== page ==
Buying time: A theory of mass consumption as wage labor commenusuration /

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Bibliographic Details
Author / Creator:Rosenberg, Stephen, author.
Ann Arbor : ProQuest Dissertations & Theses, 2015
Description:1 electronic resource (472 pages)
Format: E-Resource Dissertations
Local Note:School code: 0330
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Other authors / contributors:University of Chicago. degree granting institution.
Notes:Advisors: Andrew Abbott Committee members: Karin Knorr Cetina; William H. Sewell, Jr.
This item is not available from ProQuest Dissertations & Theses.
Dissertation Abstracts International, Volume: 77-05(E), Section: A.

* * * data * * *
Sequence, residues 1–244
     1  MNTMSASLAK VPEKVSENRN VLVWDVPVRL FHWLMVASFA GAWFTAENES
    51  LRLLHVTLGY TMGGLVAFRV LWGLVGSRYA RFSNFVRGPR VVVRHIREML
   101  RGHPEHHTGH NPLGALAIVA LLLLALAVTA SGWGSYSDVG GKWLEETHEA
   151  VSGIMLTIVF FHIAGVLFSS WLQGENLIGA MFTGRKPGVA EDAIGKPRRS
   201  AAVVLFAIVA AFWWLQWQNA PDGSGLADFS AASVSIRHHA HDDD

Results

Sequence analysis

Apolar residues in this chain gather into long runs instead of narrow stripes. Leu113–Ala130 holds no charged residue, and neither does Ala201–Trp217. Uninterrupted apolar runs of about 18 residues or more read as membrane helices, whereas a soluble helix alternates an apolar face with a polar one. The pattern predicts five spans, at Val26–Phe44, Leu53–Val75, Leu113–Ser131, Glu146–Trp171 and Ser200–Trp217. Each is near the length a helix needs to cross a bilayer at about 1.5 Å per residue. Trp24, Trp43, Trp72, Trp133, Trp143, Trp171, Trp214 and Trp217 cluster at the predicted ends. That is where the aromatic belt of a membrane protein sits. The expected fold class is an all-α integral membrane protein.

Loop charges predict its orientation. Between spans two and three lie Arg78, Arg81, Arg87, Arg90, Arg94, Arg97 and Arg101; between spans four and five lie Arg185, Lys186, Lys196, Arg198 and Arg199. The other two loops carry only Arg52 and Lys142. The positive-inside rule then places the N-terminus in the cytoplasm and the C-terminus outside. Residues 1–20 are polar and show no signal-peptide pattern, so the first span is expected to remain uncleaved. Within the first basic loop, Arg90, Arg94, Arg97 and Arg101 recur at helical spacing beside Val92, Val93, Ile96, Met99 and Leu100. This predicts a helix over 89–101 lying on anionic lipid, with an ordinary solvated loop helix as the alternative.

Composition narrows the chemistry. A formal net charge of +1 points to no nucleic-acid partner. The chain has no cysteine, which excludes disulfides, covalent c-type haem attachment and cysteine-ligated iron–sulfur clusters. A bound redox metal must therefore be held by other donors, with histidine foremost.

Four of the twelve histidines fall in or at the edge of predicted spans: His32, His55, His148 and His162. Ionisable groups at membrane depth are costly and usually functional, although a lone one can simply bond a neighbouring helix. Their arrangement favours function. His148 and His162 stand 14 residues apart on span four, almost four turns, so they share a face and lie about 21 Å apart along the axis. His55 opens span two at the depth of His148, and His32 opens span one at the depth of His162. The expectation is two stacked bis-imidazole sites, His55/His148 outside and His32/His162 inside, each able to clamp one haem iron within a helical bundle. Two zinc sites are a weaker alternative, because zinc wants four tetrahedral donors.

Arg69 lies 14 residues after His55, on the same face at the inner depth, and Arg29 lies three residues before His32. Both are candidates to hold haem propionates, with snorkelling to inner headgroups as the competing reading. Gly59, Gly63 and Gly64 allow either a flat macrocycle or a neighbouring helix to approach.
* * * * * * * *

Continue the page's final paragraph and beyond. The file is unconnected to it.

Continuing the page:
Summary:This dissertation offers an explanation for a puzzling pattern of historical development in capitalism over the course of the twentieth century. It takes as its starting point the failure to come to pass of the prediction made by John Maynard Keynes in his 1930 essay, The Economic Possibilities for our Grandchildren. Keynes suggested that increasing productivity would by the early twenty-first century lead to a radical reduction in the length of the working week. Yet the subsequent history of the advanced industrial world indicates nothing of the sort. What occurred in place of the reduction in work time envisaged by Keynes was the emergence of a very dynamic consumer economy. The dissertation develops a novel theory to account for this pattern of historical development, focusing on the connection between changes in conceptions of wage labor as a legitimate form of economic exchange, and shifting attitudes toward the trade-off between money and free time. I suggest that once wage labor becomes naturalized as part of the moral order of economic life, and widely understood as a potentially "fair" exchange of commensurable substances (labor for a wage), accumulative consumerism follows as a logical consequence. The theory is empirically grounded in historical analysis of the United States between the later nineteenth and later twentieth century. Topics considered include the early twentieth-century emergence of the notion of the "fair wage"; projects and processes of standardization in the first half of the twentieth century, in particular, those leading to the standardization of the properties of consumer products; changes in law covering consumer transactions, especially the shift from the legal principle of caveat emptor to the implied product warranty; the growth of consumer product testing, both by the state and by non-governmental organizations; and the mid-century moral panic about planned obsolescence. Although the empirical analysis concentrates on the US, the theoretical model can be extended to other societies in which mass consumer capitalism developed.